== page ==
Scientists create world’s tiniest 3-D glasses to show bugs 3-D movies
Praying mantises are the only invertebrates known to possess 3-D vision, and researchers have found the perfect tool for studying how this vision works: miniature 3-D glasses.
The research team has created the world’s tiniest pair of 3-D glasses that they attach with beeswax to the mantises. With the glasses on, the insects are placed in front a monitor that displays computer-generated 3-D images in a method similar to how 3-D movies in theaters utilize displaced imagery to fool the human brain into thinking the image has depth.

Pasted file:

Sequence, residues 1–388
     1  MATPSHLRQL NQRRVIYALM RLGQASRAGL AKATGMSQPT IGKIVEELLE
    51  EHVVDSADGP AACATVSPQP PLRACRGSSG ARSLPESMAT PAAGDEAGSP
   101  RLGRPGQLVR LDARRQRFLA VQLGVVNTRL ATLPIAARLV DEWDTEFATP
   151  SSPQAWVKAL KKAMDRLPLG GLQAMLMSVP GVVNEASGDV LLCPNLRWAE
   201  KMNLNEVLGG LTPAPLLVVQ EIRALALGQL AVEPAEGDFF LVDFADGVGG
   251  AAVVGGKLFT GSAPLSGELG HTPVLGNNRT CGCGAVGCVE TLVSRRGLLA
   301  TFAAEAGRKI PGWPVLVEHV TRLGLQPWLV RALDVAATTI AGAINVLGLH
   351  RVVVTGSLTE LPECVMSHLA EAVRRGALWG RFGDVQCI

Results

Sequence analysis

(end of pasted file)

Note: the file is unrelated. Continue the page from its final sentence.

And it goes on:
Depending on how the mantis reacts to the images, the study may determine if mantises see moving objects standing out depth-wise in the same way that humans do. Researchers hope that information gained from the study will help them discover how three-dimensional vision evolved, as well as new ways to implement 3-D into future technology.
“If we find that the way mantises process 3-D vision is very different to the way humans do it,” said Dr. Vivek Nityananda, a research associate at Newcastle University, “then that could open up all kinds of possibilities to create much simpler algorithms for programming 3D vision into robots.”